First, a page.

"There," said our guide, "the Highland regiments lay down on their faces waiting for the moment to spring upon the foe. In that orchard twenty-five hundred men were cut to pieces. Here stood Wellington with white lips, and up that knoll rode Marshal Ney on his sixth horse, five having been shot under him. Here the ranks of the French broke, and Marshal Ney, with his boot slashed of a sword, and his hat off, and his face covered with powder and blood, tried to rally his troops as he cried: 'Come and see how a marshal of French dies on the battle-field.' From yonder direction Grouchy was expected for the French re-enforcement, but he came not. Around those woods Blucher was looked for to re-enforce the English, and just in time he came up. Yonder is the field where Napoleon stood, his arm through the reins of the horse's bridle, dazed and insane, trying to go back." Scene of a battle that went on from twenty-five minutes to twelve o'clock, on the eighteenth of June, until four o'clock, when the English seemed defeated, and their commander cried out; "Boys, can you think of giving way? Remember old England!" and the tides turned, and at eight o'clock in the evening the man of destiny, who was called by his troops Old Two Hundred Thousand, turned away with broken heart, and the fate of centuries was decided.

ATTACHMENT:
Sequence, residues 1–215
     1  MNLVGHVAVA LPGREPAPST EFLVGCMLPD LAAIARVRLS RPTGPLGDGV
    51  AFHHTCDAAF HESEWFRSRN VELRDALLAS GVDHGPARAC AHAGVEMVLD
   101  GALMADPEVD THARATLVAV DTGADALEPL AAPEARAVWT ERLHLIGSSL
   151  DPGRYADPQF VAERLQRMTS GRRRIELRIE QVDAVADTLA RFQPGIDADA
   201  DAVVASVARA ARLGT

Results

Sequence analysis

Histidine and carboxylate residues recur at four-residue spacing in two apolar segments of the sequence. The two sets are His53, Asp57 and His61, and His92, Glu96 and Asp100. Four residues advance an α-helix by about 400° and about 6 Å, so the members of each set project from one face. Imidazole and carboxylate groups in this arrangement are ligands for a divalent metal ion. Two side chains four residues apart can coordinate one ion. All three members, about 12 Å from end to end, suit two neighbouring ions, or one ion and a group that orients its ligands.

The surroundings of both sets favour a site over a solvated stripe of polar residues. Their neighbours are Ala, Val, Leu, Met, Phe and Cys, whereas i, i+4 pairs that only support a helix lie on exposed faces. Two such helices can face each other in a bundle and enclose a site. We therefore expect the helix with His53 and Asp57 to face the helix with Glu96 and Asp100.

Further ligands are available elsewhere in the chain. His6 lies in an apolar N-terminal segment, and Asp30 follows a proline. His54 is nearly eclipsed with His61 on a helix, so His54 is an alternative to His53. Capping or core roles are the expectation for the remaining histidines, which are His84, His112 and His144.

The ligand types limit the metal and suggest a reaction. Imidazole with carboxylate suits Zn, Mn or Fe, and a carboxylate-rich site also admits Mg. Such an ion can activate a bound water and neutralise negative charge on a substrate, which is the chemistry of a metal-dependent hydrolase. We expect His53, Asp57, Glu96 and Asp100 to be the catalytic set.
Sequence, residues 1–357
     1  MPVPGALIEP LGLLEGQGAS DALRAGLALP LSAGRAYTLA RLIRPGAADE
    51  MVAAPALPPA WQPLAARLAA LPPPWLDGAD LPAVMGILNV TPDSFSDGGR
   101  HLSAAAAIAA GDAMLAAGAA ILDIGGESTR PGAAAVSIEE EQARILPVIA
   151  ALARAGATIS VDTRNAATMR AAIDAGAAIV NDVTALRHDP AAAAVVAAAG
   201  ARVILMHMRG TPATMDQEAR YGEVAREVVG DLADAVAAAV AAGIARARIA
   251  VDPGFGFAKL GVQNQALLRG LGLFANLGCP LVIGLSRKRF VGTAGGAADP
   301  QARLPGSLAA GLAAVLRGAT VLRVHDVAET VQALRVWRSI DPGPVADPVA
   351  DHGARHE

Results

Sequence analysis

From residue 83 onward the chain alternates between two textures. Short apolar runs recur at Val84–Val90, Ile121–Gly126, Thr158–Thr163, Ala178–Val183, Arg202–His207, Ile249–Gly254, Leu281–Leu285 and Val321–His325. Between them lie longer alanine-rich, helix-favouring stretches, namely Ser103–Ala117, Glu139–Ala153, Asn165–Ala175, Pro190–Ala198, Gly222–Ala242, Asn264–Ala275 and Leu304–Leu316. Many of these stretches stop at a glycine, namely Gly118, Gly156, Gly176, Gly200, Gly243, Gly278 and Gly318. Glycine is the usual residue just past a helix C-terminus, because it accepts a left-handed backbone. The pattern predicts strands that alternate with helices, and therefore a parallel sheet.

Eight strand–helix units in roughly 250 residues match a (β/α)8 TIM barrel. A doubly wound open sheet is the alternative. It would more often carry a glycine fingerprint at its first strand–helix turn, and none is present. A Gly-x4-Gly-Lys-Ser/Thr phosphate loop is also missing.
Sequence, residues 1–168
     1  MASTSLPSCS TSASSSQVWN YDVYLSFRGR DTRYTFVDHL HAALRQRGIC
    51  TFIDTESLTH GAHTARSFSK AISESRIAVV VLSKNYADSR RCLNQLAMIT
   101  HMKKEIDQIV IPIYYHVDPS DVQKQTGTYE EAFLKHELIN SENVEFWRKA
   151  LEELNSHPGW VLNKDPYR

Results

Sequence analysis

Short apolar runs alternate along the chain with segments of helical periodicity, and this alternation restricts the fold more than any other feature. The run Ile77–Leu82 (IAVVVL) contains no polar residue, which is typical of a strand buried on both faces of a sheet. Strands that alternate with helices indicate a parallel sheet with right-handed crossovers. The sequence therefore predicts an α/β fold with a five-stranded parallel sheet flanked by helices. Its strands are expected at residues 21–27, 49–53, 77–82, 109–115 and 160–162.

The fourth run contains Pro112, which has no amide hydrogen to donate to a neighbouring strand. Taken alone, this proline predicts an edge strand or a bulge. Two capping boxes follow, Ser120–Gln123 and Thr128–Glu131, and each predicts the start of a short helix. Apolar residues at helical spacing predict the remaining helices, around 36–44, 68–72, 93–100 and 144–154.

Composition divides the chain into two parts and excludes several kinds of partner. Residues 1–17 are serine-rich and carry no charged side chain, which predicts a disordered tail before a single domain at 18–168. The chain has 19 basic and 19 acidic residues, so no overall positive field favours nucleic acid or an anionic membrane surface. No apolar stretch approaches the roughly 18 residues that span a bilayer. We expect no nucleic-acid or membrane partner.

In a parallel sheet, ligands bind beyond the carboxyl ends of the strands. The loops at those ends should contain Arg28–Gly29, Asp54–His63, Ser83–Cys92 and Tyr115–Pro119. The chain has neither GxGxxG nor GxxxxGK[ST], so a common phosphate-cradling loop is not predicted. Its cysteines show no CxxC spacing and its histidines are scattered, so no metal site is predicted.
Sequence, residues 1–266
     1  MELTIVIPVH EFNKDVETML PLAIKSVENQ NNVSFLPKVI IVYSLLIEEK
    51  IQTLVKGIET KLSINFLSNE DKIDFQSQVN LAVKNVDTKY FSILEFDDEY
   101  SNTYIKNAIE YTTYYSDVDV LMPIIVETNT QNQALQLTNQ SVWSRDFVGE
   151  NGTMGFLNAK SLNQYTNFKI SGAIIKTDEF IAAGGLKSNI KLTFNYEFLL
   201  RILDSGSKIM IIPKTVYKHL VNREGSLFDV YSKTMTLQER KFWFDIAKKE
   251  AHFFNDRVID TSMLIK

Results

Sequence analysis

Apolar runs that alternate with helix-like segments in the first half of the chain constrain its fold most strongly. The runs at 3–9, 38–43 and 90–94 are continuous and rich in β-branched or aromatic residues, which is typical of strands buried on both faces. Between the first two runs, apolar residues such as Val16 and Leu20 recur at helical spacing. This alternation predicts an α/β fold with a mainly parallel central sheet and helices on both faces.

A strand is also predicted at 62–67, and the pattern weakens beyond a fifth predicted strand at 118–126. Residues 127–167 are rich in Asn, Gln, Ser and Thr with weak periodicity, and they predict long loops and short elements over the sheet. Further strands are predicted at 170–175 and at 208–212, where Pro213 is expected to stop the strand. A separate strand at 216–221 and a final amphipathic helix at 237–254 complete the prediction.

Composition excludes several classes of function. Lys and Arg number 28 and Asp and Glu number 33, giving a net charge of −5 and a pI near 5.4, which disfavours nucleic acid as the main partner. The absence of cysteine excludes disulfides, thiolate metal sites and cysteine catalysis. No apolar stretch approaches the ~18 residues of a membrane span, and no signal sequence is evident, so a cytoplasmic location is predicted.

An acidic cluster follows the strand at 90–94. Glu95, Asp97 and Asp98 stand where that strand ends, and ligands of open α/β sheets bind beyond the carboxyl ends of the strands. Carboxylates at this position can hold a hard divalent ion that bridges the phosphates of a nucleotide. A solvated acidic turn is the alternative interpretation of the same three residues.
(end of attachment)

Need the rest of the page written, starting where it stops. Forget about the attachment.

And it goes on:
No wonder a great mound has been reared there, hundreds of feet high--a mound at the expense of millions of dollars and many years in rising, and on the top is the great Belgian lion of bronze, and a grand old lion it is. But our great Waterloo was in Palestine. There came a day when all hell rode up, led by Apollyon, and the Captain of our salvation confronted them alone. The Rider on the white horse of the Apocalypse going out against the black horse cavalry of death, and the battalions of the demoniac, and the myrmidons of darkness. From twelve o'clock at noon to three o'clock in the afternoon the greatest battle of the universe went on. Eternal destinies were being decided. All the arrows of hell pierced our Chieftain, and the battle-axes struck Him, until brow and cheek and shoulder and hand and foot were incarnadined with oozing life; but He fought on until He gave a final stroke with sword from Jehovah's buckler, and the commander-in-chief of hell and all his forces fell back in everlasting ruin, and the victory is ours. And on the mound that celebrates the triumph we plant this day two figures, not in bronze or iron or sculptured marble, but two figures of living light, the Lion of Judah's tribe and the Lamb that was slain.